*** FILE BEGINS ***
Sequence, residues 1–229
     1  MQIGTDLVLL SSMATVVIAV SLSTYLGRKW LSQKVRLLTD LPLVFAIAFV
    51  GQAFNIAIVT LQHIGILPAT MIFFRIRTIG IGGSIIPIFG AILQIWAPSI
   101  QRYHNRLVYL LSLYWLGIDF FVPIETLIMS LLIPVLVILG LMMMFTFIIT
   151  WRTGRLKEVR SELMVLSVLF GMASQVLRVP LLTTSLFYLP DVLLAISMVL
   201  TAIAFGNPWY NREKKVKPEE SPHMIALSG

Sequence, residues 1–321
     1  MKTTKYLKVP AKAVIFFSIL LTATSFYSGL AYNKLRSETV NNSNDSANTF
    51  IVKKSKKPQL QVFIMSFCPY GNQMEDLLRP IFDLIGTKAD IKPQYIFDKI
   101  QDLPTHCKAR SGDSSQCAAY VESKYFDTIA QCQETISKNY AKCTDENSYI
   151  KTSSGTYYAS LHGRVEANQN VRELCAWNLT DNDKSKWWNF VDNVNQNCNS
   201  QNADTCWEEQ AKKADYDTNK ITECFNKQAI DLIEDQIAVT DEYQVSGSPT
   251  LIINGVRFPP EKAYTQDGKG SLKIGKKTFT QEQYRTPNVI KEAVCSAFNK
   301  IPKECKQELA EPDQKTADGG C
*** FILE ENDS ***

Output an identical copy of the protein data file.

Sequence, residues 1–229
     1  MQIGTDLVLL SSMATVVIAV SLSTYLGRKW LSQKVRLLTD LPLVFAIAFV
    51  GQAFNIAIVT LQHIGILPAT MIFFRIRTIG IGGSIIPIFG AILQIWAPSI
   101  QRYHNRLVYL LSLYWLGIDF FVPIETLIMS LLIPVLVILG LMMMFTFIIT
   151  WRTGRLKEVR SELMVLSVLF GMASQVLRVP LLTTSLFYLP DVLLAISMVL
   201  TAIAFGNPWY NREKKVKPEE SPHMIALSG

Sequence, residues 1–321
     1  MKTTKYLKVP AKAVIFFSIL LTATSFYSGL AYNKLRSETV NNSNDSANTF
    51  IVKKSKKPQL QVFIMSFCPY GNQMEDLLRP IFDLIGTKAD IKPQYIFDKI
   101  QDLPTHCKAR SGDSSQCAAY VESKYFDTIA QCQETISKNY AKCTDENSYI
   151  KTSSGTYYAS LHGRVEANQN VRELCAWNLT DNDKSKWWNF VDNVNQNCNS
   201  QNADTCWEEQ AKKADYDTNK ITECFNKQAI DLIEDQIAVT DEYQVSGSPT
   251  LIINGVRFPP EKAYTQDGKG SLKIGKKTFT QEQYRTPNVI KEAVCSAFNK
   301  IPKECKQELA EPDQKTADGG C